Do You Have Hypersensitive Skin? How to Tell + 5 Tips to Nourish with Care

by | Updated: September 8th, 2021 | Read time: 3 minutes

If your skin screams “stop!” when you slather something on it, it’s probably hypersensitive. Or not — at least technically.

Your skin is obviously sensitive to whatever you’re doing to it, but classifying it as “hypersensitive” — or even “sensitive” — is mostly descriptive.

Happy Woman with Healthy, Hypersensitive Skin Gently Touching Face |

“‘Hypersensitive skin’ is not an official clinical term,” says Catie Wiggy, a licensed master esthetician and vice president of product innovation for French Transit, whose brands include MyChelle Dermaceuticals and Crystal natural deodorants.

Indeed, the American Academy of Dermatology doesn’t define “hypersensitive skin” — or even “sensitive skin” — under its list of skin diseases and conditions.

“When a person has moderate to severe cases of inflammatory skin conditions, like rosacea, psoriasis or eczema, an individual likely believes their skin is hypersensitive,” Wiggy says. “Genetics, environment, age, hormones and gender can all impact skin sensitivity and play a role in causing visible skin reactions.”

Madisen English, a beauty blogger and influencer based in Charlotte, North Carolina, is certainly familiar with that. “I’ve always struggled with excessive dryness, redness, irritation, and I have eczema,” she says. For years she also coped with acne and hyperpigmentation. “I noticed that my skin was more prone to irritation, even from the simplest products.”

Here’s what to do if your skin is “hypersensitive” (or even “sensitive”):

1. Consult a skin pro.

“Do not self-diagnose,” Wiggy warns. “Have a medical professional, esthetician or dermatologist check your skin.”

And to be clear: “Sensitive skin is a common issue but not a medical diagnosis by itself,” Wiggy notes.

2. Don’t use too many products.

“Use the bare minimum of a cleanser, moisturizer and sunscreen,” Wiggy recommends.

That might take some self-control, English acknowledges.

“It’s easy to get excited when you see new products launching left and right that claim to treat a variety of concerns that you deal with, however using too many products can end up backfiring,” she says. “You may not be able to use all of the pretty, fragranced products that you see everyone rave about. That’s okay! Once you find what works for you, you’ll be able to achieve the skin you desire with a simple regimen.”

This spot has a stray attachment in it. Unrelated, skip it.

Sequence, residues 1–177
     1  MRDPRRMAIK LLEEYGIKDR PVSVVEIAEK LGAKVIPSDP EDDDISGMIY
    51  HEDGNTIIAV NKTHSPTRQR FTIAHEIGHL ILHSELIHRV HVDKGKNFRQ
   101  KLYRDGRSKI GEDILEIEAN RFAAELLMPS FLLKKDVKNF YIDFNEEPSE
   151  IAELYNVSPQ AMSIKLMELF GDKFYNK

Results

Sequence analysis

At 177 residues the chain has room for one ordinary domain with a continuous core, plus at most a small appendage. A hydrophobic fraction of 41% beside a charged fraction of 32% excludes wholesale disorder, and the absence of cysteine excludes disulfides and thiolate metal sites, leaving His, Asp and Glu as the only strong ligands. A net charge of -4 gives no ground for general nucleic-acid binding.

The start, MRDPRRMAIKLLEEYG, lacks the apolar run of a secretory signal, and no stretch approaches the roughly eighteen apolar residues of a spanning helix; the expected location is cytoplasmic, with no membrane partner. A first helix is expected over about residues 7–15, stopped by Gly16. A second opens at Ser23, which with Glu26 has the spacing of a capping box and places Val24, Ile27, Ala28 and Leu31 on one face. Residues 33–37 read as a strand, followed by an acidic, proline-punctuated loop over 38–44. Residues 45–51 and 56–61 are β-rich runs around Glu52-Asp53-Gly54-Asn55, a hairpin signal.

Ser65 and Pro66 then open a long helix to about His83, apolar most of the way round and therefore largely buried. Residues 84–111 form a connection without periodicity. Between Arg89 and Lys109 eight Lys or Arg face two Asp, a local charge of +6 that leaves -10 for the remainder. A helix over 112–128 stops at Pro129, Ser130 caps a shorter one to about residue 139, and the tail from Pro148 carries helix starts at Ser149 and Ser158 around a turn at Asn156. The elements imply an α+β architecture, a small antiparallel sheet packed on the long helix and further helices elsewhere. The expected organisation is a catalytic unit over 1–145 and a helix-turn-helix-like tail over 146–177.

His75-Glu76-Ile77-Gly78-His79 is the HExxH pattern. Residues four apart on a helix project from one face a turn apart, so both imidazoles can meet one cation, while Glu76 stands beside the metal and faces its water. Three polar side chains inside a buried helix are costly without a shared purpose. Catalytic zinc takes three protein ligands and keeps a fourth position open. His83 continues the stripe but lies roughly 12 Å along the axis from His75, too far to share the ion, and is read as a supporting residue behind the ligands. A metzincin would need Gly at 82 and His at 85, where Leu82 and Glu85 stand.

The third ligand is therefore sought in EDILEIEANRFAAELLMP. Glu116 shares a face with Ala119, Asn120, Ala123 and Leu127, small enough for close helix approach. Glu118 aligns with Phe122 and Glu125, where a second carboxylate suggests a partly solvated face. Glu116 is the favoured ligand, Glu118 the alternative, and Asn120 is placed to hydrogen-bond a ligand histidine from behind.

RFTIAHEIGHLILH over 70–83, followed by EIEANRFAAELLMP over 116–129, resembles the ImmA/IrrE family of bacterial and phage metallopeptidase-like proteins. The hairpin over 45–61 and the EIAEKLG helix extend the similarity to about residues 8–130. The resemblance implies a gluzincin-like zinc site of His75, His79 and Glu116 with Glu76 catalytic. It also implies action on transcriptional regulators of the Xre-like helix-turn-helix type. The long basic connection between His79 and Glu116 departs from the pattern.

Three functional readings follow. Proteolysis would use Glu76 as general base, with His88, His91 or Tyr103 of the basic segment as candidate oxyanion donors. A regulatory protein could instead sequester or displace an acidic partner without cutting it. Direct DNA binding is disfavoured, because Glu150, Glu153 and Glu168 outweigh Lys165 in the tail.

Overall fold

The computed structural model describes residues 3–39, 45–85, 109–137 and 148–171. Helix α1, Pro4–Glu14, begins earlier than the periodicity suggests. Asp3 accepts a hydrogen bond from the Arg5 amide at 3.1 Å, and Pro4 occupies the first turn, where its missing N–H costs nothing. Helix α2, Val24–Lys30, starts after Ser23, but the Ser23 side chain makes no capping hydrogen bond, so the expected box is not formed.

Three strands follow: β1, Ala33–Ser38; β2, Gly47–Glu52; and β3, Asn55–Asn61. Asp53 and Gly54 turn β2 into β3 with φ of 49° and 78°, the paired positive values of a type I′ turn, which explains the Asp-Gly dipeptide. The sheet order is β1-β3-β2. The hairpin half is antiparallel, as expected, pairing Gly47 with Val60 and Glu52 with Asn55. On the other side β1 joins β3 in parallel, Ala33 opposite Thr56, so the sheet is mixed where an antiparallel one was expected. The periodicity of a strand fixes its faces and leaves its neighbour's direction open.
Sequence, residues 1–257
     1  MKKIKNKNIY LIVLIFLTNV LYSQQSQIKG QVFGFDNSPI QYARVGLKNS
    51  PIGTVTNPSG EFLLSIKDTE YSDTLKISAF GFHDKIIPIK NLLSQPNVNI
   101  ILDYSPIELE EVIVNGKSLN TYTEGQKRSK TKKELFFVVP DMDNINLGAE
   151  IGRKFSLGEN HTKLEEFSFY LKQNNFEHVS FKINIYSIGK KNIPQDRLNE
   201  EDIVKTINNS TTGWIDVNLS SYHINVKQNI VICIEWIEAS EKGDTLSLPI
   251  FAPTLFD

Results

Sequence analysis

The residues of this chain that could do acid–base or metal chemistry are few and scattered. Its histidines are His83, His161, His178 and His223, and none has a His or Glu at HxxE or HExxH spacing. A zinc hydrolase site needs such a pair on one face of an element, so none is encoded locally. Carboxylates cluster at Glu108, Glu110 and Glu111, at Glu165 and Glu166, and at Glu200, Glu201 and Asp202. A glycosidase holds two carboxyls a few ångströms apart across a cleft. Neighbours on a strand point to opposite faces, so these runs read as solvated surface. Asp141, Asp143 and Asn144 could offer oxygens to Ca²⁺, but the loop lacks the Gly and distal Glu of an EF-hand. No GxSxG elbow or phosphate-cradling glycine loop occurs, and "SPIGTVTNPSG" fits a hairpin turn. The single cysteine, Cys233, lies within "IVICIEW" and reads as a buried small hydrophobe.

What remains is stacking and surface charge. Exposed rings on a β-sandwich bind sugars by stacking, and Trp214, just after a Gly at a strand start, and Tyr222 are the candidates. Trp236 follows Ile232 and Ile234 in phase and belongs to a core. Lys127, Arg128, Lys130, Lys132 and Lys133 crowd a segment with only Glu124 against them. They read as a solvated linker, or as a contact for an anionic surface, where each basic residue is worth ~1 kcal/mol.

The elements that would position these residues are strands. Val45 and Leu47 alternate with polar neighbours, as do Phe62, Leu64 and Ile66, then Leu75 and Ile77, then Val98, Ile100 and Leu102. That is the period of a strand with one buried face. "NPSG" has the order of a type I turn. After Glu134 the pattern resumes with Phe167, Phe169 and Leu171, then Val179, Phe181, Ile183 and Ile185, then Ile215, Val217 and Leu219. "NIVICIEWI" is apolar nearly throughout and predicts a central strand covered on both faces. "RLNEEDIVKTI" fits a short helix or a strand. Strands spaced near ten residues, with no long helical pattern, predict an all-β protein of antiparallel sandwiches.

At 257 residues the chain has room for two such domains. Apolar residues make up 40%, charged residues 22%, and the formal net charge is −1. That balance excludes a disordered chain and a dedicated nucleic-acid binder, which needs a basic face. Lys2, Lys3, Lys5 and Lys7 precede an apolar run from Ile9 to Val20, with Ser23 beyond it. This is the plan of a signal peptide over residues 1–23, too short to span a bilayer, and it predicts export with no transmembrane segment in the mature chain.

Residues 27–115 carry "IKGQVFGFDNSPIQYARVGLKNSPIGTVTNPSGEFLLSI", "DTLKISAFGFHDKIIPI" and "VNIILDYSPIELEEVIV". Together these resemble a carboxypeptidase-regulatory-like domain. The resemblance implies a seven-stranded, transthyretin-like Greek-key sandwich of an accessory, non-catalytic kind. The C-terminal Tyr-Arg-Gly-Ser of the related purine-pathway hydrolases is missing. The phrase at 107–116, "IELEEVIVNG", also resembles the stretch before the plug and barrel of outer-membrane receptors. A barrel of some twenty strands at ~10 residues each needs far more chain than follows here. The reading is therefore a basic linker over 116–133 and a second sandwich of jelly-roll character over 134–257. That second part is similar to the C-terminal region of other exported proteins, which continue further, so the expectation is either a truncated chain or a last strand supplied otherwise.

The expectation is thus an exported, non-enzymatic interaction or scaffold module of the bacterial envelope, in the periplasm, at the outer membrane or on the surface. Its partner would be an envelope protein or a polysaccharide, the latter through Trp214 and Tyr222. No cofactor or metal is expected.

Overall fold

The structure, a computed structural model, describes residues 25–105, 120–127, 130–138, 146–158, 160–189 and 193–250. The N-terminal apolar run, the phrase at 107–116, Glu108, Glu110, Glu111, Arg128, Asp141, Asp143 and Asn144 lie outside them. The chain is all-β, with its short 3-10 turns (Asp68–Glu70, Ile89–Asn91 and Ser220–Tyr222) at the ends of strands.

3. Choose products with simple ingredients and/or those designated for “sensitive skin.”

“Look for nourishing, gentle ingredients in your products, such as aloe vera, rosewater, oatmeal and honey.” English recommends. “These ingredients are my go-to in my daily routine, and I love how good they make my skin feel.”

To be sure, even if an ingredient is generally considered harmless you can have a bad reaction to it. English ran into this with a vitamin C serum that caused red bumps on her face. “Although it was natural, my skin can be sensitive to high levels of vitamin C, and I have to check how much is in a product before using it,” she says.

Indeed, Wiggy recommends avoiding products containing alcohol, retinoids or alpha-hydroxy acids. Also, seek out products specifically designed for sensitive skin, she says.

4. Adopt a somewhat scientific approach.

“Before starting a new skincare or body product, test a small amount of it on the back of your wrist or side of your lower neck to see if there is an initial reaction,” Wiggy advises.

And add or switch to new products one at a time, instead of all at once. “If you react, you’ll be able to pinpoint where it came from,” English says.

5. Protect your skin from UV rays.

“Wear sun protection daily,” Wiggy recommends.

That’s exactly what English does and proselytizes. “Apply sunscreen every morning, whether you’re leaving the house or not,” she says. “This tip has been a game-changer for me and has helped my skin a lot over the years.”

Wellness writer Mitra Malek doesn’t have sensitive or hypersensitive skin. But she’s surely sensitive in other ways.